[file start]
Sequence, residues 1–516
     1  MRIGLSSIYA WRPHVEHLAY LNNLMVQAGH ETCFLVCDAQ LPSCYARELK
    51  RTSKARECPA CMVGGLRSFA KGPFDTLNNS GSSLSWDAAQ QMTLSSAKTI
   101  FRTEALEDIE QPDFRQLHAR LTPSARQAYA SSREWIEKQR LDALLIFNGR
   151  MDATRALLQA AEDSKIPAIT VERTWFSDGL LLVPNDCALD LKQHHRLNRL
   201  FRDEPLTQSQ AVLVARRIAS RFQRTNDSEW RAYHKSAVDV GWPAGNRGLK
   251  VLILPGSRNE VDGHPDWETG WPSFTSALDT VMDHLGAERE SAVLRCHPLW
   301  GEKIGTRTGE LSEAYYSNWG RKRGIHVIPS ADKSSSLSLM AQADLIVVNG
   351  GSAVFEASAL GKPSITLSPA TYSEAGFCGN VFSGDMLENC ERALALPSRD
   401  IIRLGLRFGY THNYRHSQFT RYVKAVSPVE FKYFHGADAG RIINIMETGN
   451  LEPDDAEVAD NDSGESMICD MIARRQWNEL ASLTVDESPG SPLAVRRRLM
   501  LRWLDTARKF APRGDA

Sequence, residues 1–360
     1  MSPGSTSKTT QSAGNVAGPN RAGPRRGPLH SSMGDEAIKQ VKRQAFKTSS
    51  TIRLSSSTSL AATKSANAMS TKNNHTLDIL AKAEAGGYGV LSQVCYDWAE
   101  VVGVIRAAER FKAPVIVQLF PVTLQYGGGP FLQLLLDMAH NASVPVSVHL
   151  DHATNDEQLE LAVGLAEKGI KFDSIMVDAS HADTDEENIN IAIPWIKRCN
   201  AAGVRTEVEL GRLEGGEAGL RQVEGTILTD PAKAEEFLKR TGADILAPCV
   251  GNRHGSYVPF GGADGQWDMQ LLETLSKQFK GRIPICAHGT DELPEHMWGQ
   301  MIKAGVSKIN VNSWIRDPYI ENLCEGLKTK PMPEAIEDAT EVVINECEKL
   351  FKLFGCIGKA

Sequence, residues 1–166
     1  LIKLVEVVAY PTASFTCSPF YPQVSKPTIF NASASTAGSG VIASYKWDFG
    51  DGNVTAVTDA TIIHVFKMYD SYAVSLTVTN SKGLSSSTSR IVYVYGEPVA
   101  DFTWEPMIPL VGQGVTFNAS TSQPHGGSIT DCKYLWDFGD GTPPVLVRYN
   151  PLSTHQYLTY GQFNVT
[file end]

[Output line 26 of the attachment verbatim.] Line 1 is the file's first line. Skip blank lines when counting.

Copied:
   151  PLSTHQYLTY GQFNVT